23 November 2021

In response to the new education and career landscape brought about by the COVID-19 pandemic, the Department of Science and Technology – Science Education Institute (DOST-SEI) recently held a special online edition of its Climate Science Youth Camp to help high schoolers plot their future.

Held annually since 2009, with only a brief respite in 2020 due to the pandemic, the DOST-SEI Climate Science Youth Camp brings together scientists and researchers to give students and teachers a close-up glimpse at nature and how to take care of it.

This year’s virtual Camp was focused on the phenomenon of Harmful Algal Blooms (HABs), or the proliferation—sometimes due to pollution or climate change—of microscopic water plants that are toxic to many animals, including people. However, in addition to its usual emphasis on climate science, the Camp also focused on helping kids make sense of the post-pandemic landscape with the theme, “Finding A Career Path Through Research.”

Marine biologist and camp leader Dr. Aletta Yñiguez underscored the need for inclusivity and diversity in science research.

“We weaved a story between what we are doing for the HAB program and the routes we took towards science and our contributions in the program,” Yñiguez explained. “We have diverse roles but our paths towards what we're doing now don't necessarily follow the expected—from computer scientist to geologist to marine informatics, or biology and computer science or community work.”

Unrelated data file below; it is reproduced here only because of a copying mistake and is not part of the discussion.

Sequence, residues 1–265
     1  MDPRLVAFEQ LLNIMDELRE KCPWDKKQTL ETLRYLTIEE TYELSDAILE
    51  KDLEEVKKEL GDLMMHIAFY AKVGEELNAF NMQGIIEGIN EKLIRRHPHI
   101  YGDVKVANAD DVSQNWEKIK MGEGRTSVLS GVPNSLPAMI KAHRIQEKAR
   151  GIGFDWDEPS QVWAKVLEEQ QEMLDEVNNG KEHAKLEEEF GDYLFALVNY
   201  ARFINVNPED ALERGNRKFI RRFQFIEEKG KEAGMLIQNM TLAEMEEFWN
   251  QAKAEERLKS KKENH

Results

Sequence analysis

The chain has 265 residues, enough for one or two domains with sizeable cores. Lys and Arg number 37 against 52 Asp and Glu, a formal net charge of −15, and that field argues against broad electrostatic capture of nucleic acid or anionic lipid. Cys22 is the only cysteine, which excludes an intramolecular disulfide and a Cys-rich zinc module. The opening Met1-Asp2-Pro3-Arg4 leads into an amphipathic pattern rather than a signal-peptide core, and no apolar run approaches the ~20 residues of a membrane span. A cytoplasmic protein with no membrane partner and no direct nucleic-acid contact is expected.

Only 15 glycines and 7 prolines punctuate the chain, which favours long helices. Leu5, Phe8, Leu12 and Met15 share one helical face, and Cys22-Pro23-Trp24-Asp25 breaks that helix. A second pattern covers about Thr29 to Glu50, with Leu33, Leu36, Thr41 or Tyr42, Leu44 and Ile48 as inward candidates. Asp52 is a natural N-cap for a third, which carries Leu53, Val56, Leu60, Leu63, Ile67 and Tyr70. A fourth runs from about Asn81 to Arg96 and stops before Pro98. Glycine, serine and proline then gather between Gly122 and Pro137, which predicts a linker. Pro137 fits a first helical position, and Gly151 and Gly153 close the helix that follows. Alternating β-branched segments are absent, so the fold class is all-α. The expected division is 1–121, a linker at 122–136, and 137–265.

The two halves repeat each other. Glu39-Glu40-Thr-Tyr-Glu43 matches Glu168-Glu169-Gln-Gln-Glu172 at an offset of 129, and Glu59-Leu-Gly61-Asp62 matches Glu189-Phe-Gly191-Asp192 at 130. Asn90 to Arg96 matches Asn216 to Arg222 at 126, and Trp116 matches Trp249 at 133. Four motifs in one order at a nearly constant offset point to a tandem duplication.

“We wanted to show that you can and should be creative and innovative in approaching science and potential careers in research,” she added.

DOST-SEI Director Josette T. Biyo urged participants to pursue careers in science regardless of their backgrounds. “We hope that this camp has helped students get a better idea of the careers that are open to them. Anyone from any walk of life can help protect the environment, and anybody with a healthy amount of curiosity can learn to become a scientist,” she underscored.

The 2021 Climate Science Youth Camp was attended by over three dozen students and teachers, from the NCR as well as from as far away as Region III and Region IV-A. The DOST-SEI plans to expand the Youth Camp offerings to include even more regions and participants, with meteorology and geology as key topics for 2022.

Camp Director, Dr. Aletta Yñiguez, and other scientists from UP MSI talked about the project called “Hazard Detection and Mitigation Tools for Algal Blooms in a Changing Environment” also known as the HABHazard program before the participants of the Virtual CSYC.

Campers from 20 public high schools from NCR, Region III, and Region 4A got to ask the speakers questions about HABs and how they built a career in research.